The New Canadian Library totals 247 books in its main series (that is without including the “O” or “W” series), 248 if you decide to include Canadian Poetry: From the Beginnings Through the First World War which was added to the NCL in Series Four after the numbering of the books was removed. On this website that book is included in the “O” series without a number.
Of the 247 books there are some that are quite difficult to find. One that easily comes to mind is the Series One book The Stone Angel by Margaret Laurence. This book is very easy to find in every other series except Series One. I wrote a post on this back in September 2014 titled The Quandary That Is The Stone Angel. After doing a bit of research I found that book does indeed exist and was dumbfounded that such a popular book was so difficult to find.
Another book that matches the same description is NCL’s 176 title Laugh With Leacock. With the Margaret Laurence book, because it was added to the library back when Malcolm Ross was the editor, I could pull out my copy of New Canadian Library: The Ross-McClelland Years, 1952-1978 by Jane Friskney, which has all the publishing information of the NCL up to 1978, and see that the book was put out during the NCL’s Series One book cover era. But for Laugh With Leacock, this was not possible.
Laugh With Leacock was not added to the library until Series Three. Series One ended at number 68 and Series Two ended at number 152. Series Three ended at 196. Therefore number 176 was added when Series Three was in publication. The publication data of the Friskney book did not include any books from Series Three as Ross had left the editorship by that time.
Stephen Leacock is the most popular author in the NCL. He can be said to be the saviour of the NCL in its early days. Where many titles in the NCL were losses for its publisher (M&S) the Leacock titles sold well and kept the NCL afloat. Once the NCL became a staple in the Canadian publishing industry, the Leacock books did not have to bear such a burden. Other authors such as Margaret Laurence, Mordecai Richler, and Margaret Atwood would ensure the NCL sales were brisk. But Leacock titles continue to sell up to and including the present day. Therefore it has lead me to the conclusion that Laugh With Leacock should be one of the easier finds in Series Three in the secondary used market. But this is not the case.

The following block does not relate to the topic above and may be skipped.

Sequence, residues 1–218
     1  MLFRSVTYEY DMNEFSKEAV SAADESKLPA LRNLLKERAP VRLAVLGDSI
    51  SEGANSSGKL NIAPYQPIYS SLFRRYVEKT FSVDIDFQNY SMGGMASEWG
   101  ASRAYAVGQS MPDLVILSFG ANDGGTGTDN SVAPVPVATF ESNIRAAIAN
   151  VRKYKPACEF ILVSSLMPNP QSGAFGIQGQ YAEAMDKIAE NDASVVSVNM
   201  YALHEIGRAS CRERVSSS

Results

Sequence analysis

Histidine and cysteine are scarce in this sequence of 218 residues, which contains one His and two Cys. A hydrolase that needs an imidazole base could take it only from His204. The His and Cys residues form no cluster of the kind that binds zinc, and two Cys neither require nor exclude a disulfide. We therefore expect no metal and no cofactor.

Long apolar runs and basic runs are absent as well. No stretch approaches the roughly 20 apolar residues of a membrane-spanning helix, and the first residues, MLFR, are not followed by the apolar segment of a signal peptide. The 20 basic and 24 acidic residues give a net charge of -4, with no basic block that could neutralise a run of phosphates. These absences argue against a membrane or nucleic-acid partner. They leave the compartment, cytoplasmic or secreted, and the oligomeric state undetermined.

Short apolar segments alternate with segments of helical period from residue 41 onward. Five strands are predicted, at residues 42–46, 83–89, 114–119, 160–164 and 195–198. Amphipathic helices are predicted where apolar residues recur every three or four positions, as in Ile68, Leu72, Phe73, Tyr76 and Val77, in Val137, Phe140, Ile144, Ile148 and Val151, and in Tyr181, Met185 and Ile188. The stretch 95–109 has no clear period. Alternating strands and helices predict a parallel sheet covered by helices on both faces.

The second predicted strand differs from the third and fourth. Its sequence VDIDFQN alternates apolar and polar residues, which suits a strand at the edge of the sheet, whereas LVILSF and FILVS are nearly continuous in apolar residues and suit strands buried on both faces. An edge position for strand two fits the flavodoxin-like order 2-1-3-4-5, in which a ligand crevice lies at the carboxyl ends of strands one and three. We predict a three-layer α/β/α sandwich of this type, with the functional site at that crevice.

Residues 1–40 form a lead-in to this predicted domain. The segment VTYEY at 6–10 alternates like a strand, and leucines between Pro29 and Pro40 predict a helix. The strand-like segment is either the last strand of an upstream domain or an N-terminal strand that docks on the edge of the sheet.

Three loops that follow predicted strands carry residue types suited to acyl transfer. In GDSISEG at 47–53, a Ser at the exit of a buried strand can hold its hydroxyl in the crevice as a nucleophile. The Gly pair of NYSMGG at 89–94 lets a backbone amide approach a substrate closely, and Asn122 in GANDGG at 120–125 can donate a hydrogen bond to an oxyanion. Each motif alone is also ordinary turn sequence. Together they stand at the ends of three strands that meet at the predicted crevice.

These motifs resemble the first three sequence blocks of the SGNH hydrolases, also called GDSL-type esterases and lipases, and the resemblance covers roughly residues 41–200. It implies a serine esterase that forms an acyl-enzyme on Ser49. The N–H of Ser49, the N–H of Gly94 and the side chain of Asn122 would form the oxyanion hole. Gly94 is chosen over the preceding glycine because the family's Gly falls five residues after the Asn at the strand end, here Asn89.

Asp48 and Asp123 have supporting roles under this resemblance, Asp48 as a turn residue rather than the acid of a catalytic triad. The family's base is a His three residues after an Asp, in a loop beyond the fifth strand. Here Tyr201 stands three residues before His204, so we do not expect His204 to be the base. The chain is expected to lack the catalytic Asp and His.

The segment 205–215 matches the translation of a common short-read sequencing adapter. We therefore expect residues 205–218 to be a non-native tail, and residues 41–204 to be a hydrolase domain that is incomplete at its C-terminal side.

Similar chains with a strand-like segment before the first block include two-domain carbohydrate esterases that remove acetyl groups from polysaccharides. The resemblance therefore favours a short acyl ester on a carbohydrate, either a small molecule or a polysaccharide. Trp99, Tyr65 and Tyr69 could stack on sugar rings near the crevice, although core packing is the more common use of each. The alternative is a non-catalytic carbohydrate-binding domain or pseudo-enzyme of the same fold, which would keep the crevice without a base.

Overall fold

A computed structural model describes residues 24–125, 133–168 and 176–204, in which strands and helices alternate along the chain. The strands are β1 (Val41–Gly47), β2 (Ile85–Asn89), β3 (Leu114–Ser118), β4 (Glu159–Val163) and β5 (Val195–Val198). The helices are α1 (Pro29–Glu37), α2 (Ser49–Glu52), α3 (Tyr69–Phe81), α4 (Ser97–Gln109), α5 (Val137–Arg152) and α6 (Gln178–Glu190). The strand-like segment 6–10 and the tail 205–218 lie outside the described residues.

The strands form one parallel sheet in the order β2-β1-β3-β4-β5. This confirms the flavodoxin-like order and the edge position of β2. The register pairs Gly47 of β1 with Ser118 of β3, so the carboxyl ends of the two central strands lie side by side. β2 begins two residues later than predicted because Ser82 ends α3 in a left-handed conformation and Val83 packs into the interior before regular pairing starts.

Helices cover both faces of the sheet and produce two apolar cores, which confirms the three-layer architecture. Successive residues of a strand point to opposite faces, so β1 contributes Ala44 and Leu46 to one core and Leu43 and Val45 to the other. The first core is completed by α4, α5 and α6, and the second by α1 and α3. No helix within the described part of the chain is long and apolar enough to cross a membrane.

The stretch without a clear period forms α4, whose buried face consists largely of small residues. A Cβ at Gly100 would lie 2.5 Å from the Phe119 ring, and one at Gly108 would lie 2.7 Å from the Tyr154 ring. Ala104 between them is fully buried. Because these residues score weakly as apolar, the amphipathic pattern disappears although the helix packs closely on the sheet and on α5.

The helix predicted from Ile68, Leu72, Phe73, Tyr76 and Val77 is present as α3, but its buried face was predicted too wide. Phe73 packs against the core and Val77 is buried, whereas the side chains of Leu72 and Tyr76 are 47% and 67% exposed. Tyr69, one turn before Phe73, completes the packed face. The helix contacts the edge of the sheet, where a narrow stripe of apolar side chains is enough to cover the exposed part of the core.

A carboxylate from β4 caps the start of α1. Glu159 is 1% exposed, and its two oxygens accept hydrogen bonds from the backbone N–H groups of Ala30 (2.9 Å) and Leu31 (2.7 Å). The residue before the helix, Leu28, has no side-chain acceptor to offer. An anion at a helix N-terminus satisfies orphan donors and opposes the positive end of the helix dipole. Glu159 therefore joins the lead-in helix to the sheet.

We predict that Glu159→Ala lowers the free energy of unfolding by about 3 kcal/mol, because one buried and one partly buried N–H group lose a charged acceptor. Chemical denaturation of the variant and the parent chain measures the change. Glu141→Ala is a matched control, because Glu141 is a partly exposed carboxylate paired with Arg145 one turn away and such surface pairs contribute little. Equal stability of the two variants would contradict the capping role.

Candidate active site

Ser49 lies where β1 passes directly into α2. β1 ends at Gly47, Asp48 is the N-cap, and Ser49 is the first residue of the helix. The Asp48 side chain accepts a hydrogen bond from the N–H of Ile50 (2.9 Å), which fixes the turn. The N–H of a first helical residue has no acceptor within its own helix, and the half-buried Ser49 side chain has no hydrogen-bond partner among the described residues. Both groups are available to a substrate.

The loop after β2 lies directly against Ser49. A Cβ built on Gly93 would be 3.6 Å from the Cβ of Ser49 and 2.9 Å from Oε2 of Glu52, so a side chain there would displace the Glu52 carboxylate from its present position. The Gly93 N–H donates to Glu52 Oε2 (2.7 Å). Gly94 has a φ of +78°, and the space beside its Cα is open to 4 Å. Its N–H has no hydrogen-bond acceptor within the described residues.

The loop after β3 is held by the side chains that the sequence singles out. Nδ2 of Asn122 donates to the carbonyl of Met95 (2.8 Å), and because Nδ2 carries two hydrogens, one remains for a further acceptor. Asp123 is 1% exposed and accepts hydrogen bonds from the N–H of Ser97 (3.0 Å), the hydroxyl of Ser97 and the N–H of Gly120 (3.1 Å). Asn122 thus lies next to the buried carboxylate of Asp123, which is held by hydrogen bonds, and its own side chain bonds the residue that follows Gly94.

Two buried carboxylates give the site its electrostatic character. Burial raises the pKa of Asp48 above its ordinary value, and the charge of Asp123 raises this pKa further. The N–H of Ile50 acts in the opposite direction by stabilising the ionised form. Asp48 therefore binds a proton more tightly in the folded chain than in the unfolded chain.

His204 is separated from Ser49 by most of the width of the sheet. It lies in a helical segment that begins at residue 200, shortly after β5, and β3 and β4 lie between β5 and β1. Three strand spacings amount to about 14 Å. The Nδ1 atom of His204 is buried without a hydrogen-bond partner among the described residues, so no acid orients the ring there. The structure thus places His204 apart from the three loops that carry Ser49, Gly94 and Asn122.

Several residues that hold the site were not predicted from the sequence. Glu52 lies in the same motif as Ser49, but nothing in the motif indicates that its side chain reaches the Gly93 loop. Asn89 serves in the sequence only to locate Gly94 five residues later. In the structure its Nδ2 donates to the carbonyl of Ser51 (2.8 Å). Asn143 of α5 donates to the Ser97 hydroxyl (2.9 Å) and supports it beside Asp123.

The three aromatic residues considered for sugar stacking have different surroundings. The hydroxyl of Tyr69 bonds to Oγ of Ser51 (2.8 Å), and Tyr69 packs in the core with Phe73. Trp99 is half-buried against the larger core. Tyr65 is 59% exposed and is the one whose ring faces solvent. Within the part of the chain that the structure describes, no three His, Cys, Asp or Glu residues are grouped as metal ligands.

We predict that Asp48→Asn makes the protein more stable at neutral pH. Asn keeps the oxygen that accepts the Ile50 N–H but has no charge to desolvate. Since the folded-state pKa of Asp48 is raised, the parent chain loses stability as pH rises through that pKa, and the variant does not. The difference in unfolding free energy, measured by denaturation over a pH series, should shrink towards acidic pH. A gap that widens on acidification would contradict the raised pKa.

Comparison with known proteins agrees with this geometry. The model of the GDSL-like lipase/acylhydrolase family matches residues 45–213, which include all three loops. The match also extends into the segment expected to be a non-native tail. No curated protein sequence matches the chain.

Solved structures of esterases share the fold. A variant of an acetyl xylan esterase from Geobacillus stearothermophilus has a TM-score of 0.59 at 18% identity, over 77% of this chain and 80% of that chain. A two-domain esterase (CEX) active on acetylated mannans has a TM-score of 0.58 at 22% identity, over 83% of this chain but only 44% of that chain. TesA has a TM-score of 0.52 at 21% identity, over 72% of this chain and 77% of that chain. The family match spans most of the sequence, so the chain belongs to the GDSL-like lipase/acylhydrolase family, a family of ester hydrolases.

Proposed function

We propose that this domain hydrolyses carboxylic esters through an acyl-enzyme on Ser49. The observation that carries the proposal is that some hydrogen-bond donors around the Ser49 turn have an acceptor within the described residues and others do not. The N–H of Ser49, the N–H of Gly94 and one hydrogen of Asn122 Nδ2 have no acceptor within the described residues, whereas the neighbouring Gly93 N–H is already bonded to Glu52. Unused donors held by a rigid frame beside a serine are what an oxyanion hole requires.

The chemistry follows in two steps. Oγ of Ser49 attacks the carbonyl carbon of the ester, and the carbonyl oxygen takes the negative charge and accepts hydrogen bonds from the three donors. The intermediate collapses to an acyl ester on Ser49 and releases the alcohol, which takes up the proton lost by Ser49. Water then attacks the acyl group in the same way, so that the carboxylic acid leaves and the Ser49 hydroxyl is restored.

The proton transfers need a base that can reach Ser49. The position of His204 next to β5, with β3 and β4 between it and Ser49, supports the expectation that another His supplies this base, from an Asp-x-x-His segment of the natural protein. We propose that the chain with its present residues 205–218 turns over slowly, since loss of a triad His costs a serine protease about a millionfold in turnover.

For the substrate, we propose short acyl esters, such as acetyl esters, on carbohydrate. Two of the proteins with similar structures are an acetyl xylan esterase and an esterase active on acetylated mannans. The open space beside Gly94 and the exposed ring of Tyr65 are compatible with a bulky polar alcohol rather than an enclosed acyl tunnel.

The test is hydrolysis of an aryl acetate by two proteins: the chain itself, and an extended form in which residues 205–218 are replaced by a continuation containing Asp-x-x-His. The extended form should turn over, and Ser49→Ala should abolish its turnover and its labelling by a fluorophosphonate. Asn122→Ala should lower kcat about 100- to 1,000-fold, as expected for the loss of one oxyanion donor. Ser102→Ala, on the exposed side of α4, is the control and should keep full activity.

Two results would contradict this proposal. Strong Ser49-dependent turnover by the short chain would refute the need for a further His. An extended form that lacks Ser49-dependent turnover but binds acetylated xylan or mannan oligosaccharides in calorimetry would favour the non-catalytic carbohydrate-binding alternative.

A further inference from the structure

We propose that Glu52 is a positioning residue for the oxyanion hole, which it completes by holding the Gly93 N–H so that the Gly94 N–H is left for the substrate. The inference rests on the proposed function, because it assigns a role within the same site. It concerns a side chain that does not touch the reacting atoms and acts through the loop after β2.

While in search of NCL titles to add to my collection, I have found numerous Laugh With Leacock books. The two publishers that have issued this book over the last 100 years are Dodd, Mead & Company, and ironically McClelland & Stewart through their Canadian Best-Sellers Library. DM&C published the book back in 1913 and issued it in trade paperback form back in 1981. M&S included the book in its Canadian Best-Sellers Library imprint back in 1968. This would lead one to assume that M&S moved the book from its CBSL imprint over to the NCL once the CBSL books ran their course.
But did M&S actually do this? I had no problem finding it in the CBSL imprint, in fact I have found the book numerous times and have two copies on my shelves at this present time. I also found the DM&C book at least twice with one copy remaining in my library. So why can’t I find the NCL title? If it was published, it came out in the mid to late 80s and therefore is a more recent title that the ones I have presently. I can find the two titles in my library online but not the NCL title.
I am slowly reaching the conclusion that M&S made a blunder. The company had the intention to publish the title but never did. They listed the book in the catalogue pages at the back of the Series Three books but never actually issued the book. It is either that or they published it in a small number and made it difficult for people like myself to find it on the secondary market. Thinking that Leacock is always a good-sell, having a tiny number of Laugh With Leacock books seems unlikely, but you never can tell with M&S.
If anyone has this book let me know in the comments section below.